A month after she was crowned the world's most beautiful transsexual, Japanese TV personality Ai Haruna wants her country to be more tolerant toward people of diverse sexual orientations.
Haruna, 37, already a household name in Japan, was chosen Miss International Queen 2009, at a pageant in Thailand last month after judges picked her over runners-up from the host country and Brazil.
"I was surprised to see so many transgender people working at hotels and restaurants with no problems, in Thailand," she said at a Tokyo press conference.
"Japan can learn many things from other Asian nations like Thailand and the Philippines."
In Japan, people can legally change their gender on official documents, but transgender people still face spoken and silent discrimination, Haruna said.
She recalled condominium owners had declined to let her rent apartments because neighbours may object.
"I was rejected five straight times," she said. "I think Japan is lacking behind."
Haruna, whose original name is Kenji Onishi, said she had lived with difficulties since when she was a child.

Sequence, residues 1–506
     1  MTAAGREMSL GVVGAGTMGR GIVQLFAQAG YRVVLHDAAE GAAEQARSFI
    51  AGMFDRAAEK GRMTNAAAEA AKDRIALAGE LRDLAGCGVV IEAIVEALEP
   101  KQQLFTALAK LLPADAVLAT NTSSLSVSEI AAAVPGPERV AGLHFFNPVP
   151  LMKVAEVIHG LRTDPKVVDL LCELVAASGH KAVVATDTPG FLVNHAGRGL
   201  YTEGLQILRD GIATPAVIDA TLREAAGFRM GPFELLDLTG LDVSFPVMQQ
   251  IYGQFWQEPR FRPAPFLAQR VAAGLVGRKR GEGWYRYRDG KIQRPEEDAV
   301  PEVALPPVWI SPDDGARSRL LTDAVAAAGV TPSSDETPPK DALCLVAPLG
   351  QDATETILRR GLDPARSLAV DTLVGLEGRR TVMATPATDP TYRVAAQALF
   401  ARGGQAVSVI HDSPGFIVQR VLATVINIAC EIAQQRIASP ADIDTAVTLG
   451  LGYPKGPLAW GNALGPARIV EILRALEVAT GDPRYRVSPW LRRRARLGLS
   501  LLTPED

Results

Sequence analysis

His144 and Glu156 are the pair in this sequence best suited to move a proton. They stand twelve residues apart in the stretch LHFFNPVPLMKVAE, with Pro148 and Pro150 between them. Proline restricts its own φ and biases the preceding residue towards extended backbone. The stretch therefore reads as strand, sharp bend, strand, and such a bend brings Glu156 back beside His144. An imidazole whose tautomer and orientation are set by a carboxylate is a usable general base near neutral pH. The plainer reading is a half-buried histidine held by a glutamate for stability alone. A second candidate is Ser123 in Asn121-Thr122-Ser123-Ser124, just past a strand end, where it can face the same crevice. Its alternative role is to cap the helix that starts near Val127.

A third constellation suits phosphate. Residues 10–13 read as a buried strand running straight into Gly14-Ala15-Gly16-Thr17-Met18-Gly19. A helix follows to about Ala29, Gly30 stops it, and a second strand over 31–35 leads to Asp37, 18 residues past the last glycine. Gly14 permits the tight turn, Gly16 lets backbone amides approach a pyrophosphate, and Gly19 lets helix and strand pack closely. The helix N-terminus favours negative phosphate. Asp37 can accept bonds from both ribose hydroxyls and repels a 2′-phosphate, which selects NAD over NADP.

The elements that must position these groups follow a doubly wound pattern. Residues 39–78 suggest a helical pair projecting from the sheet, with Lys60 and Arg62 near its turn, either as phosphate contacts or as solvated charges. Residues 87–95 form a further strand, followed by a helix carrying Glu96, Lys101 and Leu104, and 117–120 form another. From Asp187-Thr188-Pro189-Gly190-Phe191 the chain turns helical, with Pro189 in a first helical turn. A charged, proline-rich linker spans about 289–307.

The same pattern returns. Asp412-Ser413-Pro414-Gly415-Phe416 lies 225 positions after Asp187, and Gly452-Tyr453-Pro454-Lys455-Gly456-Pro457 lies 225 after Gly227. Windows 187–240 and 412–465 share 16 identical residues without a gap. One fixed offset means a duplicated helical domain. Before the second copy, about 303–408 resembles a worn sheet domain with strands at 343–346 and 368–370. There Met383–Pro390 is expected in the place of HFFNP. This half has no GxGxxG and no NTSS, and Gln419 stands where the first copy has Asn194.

"I was born with a very masculine sounding boy's name. But I always wanted to be a girl, always dreamed of becoming a pretty idol seen on TV."
"But for a long time life was very difficult for me," she said in a quivering voice.
"Even after I had a sex change operation at the age of 19 and had my first boyfriend, I encountered many, many obstacles that constantly made me realise I wasn't a woman."
Now crowned the world's transsexual queen, Haruna said she wanted to work internationally to raise awareness for sexual minorities.
"I want to work for those who are troubled like me," she said. "I want to work in the world. And of course, I want to be married some day."